Tennessee Titans wide receiver Rishard Matthews made headlines when earlier in the week he said that he would sooner quit the NFL rather than be forced to stand for the national anthem.
Matthews’ declaration came as a shock considering that his own brother was a member of the military who was killed in Afghanistan and that spitting on the flag would somehow honor his memory.
— Paul Kuharsky (@PaulKuharskyNFL) October 12, 2017
Now Matthews is claiming that it was all just a big misunderstanding and that his kneeling and Black Panther fist-thrusting isn’t more important than his obscene paycheck for playing a game.
Perhaps he had second thoughts about his brother but it’s hard to see how the prospect of having to actually go out and work for a living wasn’t his primary motivation in issuing an apology.
— Tennessee Titans (@TenneTitansRR) October 13, 2017
Via the Nashville Tennessean “Titans’ Rishard Matthews backtracks from tweet he’d quit NFL rather than stand for anthem”:
Titans wide receiver Rishard Matthews backtracked on Friday from a comment he tweeted and deleted a day earlier, when he wrote that he’d retire from football if the NFL passed a rule forcing players to stand for the national anthem.
“Look, in regards to the tweet I sent out, I’m a man, and sometimes you make bad decisions at the wrong time,” Matthews said after practice Friday, “and at that time I made a bad decision to tweet that out, at that given moment.”
Does he stand by the statement?
“Not right now,” Matthews said. “Let’s hope it doesn’t get to that. I know the owners got a meeting next (week). Let’s just hope we don’t get to that.”
NFL commissioner Roger Goodell is meeting with league owners on Tuesday and Wednesday in New York, where players protesting social inequality and police brutality during the national anthem will be among the topics of discussion. The NFL Players’ Association has been invited to attend.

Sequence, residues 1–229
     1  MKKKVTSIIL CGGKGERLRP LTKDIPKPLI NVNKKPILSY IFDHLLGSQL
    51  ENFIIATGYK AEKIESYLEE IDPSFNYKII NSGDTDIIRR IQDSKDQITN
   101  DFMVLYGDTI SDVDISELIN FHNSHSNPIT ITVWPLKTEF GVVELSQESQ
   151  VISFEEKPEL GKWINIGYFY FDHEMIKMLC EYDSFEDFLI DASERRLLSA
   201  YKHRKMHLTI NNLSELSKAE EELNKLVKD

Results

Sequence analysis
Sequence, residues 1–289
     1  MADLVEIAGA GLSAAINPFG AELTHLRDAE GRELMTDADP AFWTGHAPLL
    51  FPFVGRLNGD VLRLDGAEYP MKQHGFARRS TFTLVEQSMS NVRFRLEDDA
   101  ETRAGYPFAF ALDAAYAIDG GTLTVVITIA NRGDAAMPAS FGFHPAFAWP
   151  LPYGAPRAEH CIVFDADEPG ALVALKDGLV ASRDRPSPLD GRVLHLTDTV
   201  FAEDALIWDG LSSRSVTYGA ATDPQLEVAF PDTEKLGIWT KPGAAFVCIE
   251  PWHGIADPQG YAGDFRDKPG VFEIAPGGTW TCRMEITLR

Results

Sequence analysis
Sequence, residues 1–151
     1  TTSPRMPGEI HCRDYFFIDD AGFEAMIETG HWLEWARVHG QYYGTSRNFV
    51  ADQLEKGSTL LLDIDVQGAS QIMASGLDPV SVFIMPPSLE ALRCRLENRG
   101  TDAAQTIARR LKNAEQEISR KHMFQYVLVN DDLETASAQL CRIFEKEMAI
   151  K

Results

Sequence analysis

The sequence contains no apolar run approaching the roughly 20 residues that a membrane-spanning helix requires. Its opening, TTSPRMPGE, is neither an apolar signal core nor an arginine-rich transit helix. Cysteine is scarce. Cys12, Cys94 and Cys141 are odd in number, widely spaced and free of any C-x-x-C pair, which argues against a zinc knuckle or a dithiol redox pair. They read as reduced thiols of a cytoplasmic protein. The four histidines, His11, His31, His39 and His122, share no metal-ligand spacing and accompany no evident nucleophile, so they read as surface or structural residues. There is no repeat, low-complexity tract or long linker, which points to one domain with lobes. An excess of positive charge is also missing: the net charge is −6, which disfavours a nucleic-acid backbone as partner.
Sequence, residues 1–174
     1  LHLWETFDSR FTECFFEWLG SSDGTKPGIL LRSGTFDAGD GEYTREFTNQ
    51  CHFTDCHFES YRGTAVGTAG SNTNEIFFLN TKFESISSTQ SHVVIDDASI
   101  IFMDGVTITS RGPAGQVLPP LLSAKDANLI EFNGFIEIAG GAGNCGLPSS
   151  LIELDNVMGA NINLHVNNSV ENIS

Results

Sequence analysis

Matthews, while responding to a question proposed on Twitter by a local TV producer on Thursday, said he would step away from football if the NFL implements a new rule requiring players to stand for the national anthem.
Matthews, who remained in the tunnel for the singing of the anthem for the second consecutive game Sunday at Miami, quickly deleted his tweet. But WSMV Channel 4 posted a screengrab of the response.
The question posed to Matthews: “If NFL makes new rule on anthem.. will you still stay in locker room and face the fine/penalty?”
Matthews, in the now deleted tweet wrote: “No I will be done playing football.”
All talk and no action which is usually the case with these mouthy prima donnas when they are forced to back up their words.
Matthews, like his fellow malcontents, are staking their hopes on this week’s big pow-wow between NFL Commissioner Roger Goodell and the player’s union in which the commish is expected to offer up some form of appeasement – perhaps even setting aside a week or so to honor “social activism” (translation: hating on the police) to sooth the hurt feelings of the kneelers.
It should be noted that Matthews played for the University of Nevada in college where he caught passes from a guy named Colin Kaepernick so his bias is now on the record.